The Philippines: Asia’s bright star
Emerging markets may be struggling, but the Philippines is still looking bright. Here's one fund to buy in to the country's impressive growth.
Emerging markets are in trouble. But the Philippines is "still a bright star in a dim sky", says HSBC's Joseph Incalcaterra. For a long time the country was held back by corruption, tax evasion, low investment and government profligacy. In the past few years, the former "sick man of Asia" overcame its problems to become a stockmarket darling. But by early 2015, the upswing had begun to look vulnerable to a setback, says Assif Shameen of Barron's.
"Nobody wants to pay 20 times forward earnings, no matter how alluring the fundamentals." So one positive to come from the China slowdown is that Filipino investments are now more appealing as stocks are down almost 20%, making them more affordable.
It's certainly worth a look. China's slowdown has devastated other emerging markets, but the Philippines has been shielded by its strong domestic economy. It is less reliant on exports than most of the region: foreign sales comprise under 30% of GDP. As a net oil importer, it has benefited from low oil prices. This has helped keep inflation at bay, allowing the government to keep interest rates at 4%.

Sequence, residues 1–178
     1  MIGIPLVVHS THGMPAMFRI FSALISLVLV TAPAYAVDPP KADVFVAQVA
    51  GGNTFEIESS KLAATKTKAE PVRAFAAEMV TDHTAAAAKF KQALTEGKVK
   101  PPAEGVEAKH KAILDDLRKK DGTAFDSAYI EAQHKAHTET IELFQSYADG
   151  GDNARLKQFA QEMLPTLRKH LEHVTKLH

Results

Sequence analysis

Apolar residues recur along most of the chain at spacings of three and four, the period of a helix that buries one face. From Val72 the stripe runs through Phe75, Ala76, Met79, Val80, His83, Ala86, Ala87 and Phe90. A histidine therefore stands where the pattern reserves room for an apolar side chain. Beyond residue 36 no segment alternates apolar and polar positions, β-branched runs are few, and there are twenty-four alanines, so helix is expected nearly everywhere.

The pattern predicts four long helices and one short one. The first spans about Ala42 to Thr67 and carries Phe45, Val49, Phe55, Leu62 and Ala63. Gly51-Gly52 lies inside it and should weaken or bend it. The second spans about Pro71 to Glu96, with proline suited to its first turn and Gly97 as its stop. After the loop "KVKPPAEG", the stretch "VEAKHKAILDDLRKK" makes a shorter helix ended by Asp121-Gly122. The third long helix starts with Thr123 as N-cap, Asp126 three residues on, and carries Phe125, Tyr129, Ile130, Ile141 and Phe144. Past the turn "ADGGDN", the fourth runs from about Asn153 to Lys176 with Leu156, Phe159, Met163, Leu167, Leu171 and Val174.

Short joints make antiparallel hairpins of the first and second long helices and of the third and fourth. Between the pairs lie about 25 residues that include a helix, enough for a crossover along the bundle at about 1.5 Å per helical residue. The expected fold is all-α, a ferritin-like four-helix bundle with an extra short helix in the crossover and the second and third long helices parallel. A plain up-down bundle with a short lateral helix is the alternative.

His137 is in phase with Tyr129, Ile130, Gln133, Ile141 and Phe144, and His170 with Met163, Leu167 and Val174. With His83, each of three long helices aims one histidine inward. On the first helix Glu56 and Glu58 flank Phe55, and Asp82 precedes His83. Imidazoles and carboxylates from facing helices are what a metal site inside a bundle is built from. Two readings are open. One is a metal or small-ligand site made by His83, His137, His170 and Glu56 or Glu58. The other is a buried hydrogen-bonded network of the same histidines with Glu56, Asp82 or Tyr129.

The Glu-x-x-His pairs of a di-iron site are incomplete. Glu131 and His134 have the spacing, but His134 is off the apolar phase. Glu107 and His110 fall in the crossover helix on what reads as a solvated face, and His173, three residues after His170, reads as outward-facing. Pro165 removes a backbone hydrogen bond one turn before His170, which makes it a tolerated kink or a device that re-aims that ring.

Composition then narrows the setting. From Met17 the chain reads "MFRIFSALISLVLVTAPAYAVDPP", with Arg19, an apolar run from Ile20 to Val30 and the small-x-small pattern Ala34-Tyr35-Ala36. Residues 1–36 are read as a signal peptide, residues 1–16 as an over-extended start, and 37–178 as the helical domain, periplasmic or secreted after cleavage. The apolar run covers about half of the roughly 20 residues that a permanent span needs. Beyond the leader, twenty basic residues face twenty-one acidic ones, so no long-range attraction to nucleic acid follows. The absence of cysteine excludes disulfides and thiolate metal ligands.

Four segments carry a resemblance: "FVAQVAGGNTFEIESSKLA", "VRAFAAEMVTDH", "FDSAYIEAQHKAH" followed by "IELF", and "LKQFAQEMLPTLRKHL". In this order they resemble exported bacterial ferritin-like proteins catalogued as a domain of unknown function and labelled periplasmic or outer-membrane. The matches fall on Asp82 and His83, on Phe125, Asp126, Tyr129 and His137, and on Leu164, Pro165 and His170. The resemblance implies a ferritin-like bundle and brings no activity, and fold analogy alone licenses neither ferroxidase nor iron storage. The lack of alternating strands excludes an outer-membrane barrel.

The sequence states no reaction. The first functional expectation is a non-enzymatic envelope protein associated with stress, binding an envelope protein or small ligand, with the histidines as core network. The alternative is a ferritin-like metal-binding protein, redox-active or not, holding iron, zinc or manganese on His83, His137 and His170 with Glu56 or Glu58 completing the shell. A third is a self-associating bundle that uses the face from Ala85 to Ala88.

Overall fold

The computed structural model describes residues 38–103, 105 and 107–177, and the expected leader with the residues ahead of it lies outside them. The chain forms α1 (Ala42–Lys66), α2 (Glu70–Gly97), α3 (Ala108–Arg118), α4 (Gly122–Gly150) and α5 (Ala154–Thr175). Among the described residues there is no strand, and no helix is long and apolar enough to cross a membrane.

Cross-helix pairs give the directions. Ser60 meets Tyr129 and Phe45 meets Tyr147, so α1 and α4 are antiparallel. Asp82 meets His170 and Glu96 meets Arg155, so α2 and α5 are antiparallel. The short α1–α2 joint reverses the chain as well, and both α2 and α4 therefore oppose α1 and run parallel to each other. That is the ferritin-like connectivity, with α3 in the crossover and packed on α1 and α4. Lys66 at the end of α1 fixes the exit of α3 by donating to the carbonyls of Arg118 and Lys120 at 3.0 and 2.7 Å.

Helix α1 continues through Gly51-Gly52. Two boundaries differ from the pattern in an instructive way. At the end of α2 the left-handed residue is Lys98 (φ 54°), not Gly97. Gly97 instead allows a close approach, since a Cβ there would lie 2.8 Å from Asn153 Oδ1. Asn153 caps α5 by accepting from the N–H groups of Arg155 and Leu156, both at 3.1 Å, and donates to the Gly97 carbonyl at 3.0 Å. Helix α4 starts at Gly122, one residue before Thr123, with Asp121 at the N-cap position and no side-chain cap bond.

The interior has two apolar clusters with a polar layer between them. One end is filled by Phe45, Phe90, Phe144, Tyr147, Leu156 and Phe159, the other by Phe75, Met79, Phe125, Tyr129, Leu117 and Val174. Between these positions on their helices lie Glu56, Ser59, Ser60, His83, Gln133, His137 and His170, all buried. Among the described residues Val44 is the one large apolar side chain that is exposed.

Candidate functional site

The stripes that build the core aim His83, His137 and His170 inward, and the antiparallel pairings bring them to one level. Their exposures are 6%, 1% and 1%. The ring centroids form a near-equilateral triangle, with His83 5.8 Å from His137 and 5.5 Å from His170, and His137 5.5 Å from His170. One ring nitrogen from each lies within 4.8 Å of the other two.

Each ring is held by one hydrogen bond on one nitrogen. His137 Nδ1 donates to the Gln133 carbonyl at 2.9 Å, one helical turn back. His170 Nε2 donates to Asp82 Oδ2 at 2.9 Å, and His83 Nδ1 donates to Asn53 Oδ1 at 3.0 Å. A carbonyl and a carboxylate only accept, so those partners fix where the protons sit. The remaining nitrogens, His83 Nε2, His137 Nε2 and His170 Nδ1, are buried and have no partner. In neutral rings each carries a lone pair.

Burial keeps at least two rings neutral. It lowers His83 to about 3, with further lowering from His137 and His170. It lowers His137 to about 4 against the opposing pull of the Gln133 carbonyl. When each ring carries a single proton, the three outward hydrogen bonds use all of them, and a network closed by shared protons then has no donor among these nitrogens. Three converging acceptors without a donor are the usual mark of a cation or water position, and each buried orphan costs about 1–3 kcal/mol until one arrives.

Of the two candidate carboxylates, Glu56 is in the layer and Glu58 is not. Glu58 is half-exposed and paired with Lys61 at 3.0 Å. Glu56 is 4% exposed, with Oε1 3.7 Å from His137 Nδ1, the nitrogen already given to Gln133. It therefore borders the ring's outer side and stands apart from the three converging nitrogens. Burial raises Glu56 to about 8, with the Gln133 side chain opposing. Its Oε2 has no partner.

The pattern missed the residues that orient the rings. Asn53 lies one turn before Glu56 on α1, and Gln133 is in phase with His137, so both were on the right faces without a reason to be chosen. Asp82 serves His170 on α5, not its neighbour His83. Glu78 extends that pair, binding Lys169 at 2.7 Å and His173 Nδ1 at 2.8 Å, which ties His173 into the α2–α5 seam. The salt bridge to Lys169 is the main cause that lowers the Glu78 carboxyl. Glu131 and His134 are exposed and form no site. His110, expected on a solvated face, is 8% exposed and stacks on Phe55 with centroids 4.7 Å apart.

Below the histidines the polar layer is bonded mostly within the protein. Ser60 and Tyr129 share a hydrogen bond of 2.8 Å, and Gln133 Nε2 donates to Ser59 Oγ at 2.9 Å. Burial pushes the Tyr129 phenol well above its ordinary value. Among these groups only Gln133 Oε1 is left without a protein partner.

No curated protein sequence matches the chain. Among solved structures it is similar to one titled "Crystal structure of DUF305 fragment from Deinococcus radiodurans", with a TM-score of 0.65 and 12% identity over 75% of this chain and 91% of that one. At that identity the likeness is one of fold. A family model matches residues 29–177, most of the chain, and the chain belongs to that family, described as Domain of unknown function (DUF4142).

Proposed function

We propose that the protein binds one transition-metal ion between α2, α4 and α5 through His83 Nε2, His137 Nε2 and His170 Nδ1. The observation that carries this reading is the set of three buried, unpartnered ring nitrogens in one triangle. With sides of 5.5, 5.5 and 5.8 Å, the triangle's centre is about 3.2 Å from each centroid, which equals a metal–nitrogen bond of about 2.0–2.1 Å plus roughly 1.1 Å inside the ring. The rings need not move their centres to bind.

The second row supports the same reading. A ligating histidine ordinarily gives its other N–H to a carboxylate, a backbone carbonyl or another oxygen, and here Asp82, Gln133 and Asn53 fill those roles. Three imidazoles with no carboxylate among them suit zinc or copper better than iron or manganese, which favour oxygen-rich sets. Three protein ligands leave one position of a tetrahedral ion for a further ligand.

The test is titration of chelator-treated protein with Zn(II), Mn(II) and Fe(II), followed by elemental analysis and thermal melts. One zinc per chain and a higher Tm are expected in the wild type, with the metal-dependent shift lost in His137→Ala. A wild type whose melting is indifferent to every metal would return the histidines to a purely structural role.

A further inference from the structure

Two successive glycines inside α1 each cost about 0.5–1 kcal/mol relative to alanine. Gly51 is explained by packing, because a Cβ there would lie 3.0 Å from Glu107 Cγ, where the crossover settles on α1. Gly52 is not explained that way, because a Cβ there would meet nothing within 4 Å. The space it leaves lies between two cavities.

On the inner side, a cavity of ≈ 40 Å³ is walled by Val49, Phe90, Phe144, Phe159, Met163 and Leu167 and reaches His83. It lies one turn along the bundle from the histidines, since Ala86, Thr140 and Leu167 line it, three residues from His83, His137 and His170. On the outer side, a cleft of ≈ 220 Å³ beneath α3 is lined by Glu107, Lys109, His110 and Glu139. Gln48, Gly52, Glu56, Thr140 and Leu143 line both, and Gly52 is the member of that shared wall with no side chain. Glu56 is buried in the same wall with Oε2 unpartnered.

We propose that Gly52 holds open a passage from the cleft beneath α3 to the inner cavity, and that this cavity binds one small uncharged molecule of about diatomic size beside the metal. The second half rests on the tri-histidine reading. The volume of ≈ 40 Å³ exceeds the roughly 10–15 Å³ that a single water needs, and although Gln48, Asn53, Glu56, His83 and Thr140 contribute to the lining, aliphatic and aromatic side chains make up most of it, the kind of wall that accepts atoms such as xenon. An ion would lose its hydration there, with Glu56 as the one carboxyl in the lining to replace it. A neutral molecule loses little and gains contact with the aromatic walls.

Filipinos also send home $2bn a month in remittances, says Shameen, which helps fuel private consumption, while the country has carved out a niche in business process outsourcing, mainly for America. With English widely spoken, call centres now employ morepeople than their Indian equivalents. So while other emerging markets have been hit by the strong dollar, lower commodity prices and slower Chinese growth, these factors "provide a good tailwind for the Philippines", says Jojo Gonzales, director of Philippine Equity Partners.
Government spending has started to pick up, says Deutsche Bank, which should help sustain growth of more than 6% this year. The country has achieved sustained growth of at least 5% year-on-year for the past 14 quarters. To keep growing, the Philippines must focus more on investment, which, at just 22% as a share of GDP, is far lower than others in the region, says Capital Economics.
But things are looking up: the business environment and the nation's fiscal position have improved in recent years, so there is more money available and firms should be more confident of political and economic stability. "While success is by no means guaranteed, the prospects for investment look bright." Buy in via the db x-trackers MSCI Philippines ETF (LSE: XPHG).